Ahmad Salah’s parents had a dream. Even though they were successful doctors in Iraq they wanted their son and two daughters to have a better life than them. They made the decision to move their family to the United States knowing they may not be able to find jobs as doctors. “The sacrifice my parents made motivated me more than anything else to be successful,” he said.
Salah was born and raised in Baghdad, Iraq. In 2003 when he was seven years old the United States government ordered the military invasion of Iraq. In 2010 the Salah family moved to the neighboring country of Jordan. The parents continued to practice medicine until 2012 when they moved their family of five to Central New York.
Salah entered Liverpool High School in time for his senior year but would need two years to graduate. “My English wasn’t good. I had to work very hard to improve. Reading helped. Watching movies helped. I also asked my friends to correct me whenever I misspoke.”
When it was time to choose a college, Onondaga Community College wasn’t Salah’s first choice but it turned out to be his best. “It was my last option. I hadn’t taken any Honors or AP classes and SAT test scores weren’t good at all. Coming here really motivated me.”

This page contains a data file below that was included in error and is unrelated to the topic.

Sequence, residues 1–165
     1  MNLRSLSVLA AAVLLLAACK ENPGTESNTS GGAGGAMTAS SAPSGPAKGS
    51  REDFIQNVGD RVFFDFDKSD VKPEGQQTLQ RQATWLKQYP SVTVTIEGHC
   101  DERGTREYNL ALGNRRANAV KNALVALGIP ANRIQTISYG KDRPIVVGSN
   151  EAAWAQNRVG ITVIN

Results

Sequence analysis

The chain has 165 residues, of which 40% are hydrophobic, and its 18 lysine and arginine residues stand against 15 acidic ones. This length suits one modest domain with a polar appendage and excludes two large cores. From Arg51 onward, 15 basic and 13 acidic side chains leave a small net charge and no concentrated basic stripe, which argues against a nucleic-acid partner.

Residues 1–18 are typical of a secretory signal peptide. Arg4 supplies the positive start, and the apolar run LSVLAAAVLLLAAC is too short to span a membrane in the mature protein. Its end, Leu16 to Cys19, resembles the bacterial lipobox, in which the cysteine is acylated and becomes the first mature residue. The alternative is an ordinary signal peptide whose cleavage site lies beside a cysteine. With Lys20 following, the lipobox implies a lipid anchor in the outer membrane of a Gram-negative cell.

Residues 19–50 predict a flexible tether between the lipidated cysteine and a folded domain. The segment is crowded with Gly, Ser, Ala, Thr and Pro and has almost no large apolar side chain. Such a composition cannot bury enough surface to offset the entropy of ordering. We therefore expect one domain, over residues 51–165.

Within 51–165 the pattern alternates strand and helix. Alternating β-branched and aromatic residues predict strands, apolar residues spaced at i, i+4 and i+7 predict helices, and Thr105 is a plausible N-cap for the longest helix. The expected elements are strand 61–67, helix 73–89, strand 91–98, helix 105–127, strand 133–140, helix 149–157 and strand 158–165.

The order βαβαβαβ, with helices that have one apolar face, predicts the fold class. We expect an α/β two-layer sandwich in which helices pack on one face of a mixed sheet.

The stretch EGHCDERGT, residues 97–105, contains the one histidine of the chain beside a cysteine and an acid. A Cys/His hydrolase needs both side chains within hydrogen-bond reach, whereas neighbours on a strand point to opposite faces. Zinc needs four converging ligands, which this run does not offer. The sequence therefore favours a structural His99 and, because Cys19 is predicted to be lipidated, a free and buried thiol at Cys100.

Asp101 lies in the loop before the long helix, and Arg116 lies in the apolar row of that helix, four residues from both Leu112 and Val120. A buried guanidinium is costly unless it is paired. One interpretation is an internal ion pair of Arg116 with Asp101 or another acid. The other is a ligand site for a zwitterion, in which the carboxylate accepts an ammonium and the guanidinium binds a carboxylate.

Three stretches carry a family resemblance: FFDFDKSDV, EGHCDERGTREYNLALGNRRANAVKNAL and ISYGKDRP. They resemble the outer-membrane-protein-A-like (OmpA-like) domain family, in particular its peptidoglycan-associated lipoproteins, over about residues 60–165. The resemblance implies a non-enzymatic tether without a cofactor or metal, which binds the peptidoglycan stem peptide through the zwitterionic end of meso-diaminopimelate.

Salah blossomed as a student at OCC. He majored in Mathematics & Science with an Honors minor. His outstanding classwork earned him membership in international honor society Phi Theta Kappa. Salah became an Honors Ambassador, going to area high schools and speaking with students about the benefits of coming to OCC. Shortly before earning his degree he was named the top student in his major.
Today the future is very bright for Salah and his entire family. He works as a medical interpreter, helping patients who speak Arabic communicate with doctors. He’s also on track to become an American citizen. Salah will attend Syracuse University in the fall and major in medicinal history, then transfer to the University at Buffalo’s School of Dental medicine and pursue a specialty in orthodontics.
Salah’s two sisters attend Liverpool High School. Their parents are working as medical assistants and interpreters. He’s forever grateful for the sacrifices they made. “They could have stayed where they were and made more money. Instead they chose to bring us here so we would have more opportunities.”